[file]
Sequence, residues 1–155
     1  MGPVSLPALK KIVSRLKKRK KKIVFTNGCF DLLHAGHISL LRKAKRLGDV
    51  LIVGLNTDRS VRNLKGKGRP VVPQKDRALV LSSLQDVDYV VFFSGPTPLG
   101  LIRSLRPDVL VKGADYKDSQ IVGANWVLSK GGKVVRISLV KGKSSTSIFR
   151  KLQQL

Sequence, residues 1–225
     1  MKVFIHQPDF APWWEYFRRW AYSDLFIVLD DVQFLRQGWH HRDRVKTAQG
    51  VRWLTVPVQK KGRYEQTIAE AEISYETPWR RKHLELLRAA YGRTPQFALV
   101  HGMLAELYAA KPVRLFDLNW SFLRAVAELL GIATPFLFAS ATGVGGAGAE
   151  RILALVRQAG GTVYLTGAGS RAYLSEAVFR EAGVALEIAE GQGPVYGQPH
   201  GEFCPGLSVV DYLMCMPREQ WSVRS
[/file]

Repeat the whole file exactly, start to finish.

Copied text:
Sequence, residues 1–155
     1  MGPVSLPALK KIVSRLKKRK KKIVFTNGCF DLLHAGHISL LRKAKRLGDV
    51  LIVGLNTDRS VRNLKGKGRP VVPQKDRALV LSSLQDVDYV VFFSGPTPLG
   101  LIRSLRPDVL VKGADYKDSQ IVGANWVLSK GGKVVRISLV KGKSSTSIFR
   151  KLQQL

Sequence, residues 1–225
     1  MKVFIHQPDF APWWEYFRRW AYSDLFIVLD DVQFLRQGWH HRDRVKTAQG
    51  VRWLTVPVQK KGRYEQTIAE AEISYETPWR RKHLELLRAA YGRTPQFALV
   101  HGMLAELYAA KPVRLFDLNW SFLRAVAELL GIATPFLFAS ATGVGGAGAE
   151  RILALVRQAG GTVYLTGAGS RAYLSEAVFR EAGVALEIAE GQGPVYGQPH
   201  GEFCPGLSVV DYLMCMPREQ WSVRS